“We are never alone,” I said. “The Creator has ears and eyes in all places. Nothing can be kept secret from Him, and no riddle is beyond His wisdom. But do not worry. We will keep your secret. If Baasha would inquire of the true and living God, he might learn the secret that he now seeks from Beelzebeb. He desires a new garment, but he seeks answers from the wrong source and from a god who knows only about death, destruction, and fear. Beelzebub’s influence in his heart is seen clearly by his threats upon you and your family.”
Avoda was silent, not wanting to blaspheme one of the gods of the Philistines—especially if the gods have many ears and eyes!
“The true God, the One who created all things, is a God of love, not fear” I continued. “Therefore, He seeks to be loved, not feared. It is not His holiness that compels Him to correct us, but His love for us as His children. Our heavenly Father disciplines us and corrects us only so that we will grow up to be in His likeness, having His character. If He threatens us, it is only with our ultimate good in mind, for all of His ways are based on love.”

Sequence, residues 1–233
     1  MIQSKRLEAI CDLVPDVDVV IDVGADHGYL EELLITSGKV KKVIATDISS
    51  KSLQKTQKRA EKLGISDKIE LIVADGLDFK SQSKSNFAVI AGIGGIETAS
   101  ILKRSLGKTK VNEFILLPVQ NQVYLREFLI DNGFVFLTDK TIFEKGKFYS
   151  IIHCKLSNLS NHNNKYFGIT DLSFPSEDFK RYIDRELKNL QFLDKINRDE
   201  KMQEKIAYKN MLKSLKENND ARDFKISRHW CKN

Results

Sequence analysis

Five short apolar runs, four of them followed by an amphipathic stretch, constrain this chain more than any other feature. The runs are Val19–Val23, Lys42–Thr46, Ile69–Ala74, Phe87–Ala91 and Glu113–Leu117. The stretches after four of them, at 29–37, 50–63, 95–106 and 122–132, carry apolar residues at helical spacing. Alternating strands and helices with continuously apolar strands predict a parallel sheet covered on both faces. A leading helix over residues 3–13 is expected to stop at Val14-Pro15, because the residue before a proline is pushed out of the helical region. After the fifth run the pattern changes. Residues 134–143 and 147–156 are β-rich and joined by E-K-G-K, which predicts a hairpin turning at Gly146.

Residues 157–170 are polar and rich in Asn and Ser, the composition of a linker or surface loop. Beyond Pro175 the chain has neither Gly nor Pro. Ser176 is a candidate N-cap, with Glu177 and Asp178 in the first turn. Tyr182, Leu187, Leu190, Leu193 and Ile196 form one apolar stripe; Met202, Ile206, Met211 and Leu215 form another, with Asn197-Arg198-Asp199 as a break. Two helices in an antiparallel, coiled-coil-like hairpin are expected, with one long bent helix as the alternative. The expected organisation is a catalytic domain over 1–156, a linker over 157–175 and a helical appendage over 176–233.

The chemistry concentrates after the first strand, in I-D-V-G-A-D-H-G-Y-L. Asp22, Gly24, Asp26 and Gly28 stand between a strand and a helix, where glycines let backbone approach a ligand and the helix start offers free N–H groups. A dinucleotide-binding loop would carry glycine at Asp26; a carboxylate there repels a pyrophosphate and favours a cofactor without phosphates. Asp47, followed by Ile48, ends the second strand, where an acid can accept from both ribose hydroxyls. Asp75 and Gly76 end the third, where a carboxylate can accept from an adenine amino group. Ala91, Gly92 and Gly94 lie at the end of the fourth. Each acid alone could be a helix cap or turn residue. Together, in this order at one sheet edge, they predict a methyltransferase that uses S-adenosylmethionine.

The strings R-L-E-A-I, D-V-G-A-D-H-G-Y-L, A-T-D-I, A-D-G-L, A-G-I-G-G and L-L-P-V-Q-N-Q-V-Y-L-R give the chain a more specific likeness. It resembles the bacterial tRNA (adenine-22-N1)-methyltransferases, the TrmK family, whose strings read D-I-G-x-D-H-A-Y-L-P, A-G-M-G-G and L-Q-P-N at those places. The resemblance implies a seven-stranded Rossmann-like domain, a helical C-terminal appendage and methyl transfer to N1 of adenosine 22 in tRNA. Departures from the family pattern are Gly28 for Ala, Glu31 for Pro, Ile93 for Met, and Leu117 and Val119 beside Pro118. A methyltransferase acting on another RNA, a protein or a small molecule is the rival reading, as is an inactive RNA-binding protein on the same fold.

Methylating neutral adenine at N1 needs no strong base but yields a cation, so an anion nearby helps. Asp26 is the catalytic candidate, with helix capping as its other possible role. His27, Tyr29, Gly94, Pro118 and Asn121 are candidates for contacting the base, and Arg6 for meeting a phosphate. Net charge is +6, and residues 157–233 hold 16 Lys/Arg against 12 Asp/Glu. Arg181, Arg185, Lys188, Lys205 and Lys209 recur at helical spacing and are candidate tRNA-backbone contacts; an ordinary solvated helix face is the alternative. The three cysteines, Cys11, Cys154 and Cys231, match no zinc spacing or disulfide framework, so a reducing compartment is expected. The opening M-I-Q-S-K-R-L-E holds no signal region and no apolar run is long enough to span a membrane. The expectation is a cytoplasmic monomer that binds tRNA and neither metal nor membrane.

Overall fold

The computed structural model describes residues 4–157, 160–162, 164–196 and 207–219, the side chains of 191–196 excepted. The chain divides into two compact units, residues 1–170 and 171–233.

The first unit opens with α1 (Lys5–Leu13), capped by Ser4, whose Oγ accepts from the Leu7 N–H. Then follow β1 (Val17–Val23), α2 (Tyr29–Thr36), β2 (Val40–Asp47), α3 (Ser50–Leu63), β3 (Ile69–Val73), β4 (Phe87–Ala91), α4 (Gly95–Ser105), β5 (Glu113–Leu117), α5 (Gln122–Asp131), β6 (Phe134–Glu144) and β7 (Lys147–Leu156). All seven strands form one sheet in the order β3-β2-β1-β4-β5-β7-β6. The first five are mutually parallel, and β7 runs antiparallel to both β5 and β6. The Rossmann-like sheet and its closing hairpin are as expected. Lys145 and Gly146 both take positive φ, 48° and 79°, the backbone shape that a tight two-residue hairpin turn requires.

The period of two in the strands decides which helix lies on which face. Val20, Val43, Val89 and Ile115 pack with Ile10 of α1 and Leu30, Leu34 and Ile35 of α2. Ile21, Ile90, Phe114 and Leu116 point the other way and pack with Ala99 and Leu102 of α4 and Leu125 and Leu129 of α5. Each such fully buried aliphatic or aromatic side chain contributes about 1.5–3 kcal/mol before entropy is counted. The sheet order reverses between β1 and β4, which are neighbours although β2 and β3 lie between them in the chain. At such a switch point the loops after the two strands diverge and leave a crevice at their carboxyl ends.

Avoda was incredulous and doubtful. “We have never worshiped such a god,” he said, “nor have our fathers known any god that does not demand submission on pain of death. They are the gods of this land, and if we wish to live here, we have no choice but to worship them.”
“The Creator owns all land and is not limited to any particular portion of the earth,” I said. “If any lesser god lays claim to that which the Creator has made, he usurps power that is not his. Those who worship such gods follow his example and usurp that which does not belong to them. The evidence of this is seen by the lack of love, for only those who love know God, because God is love.”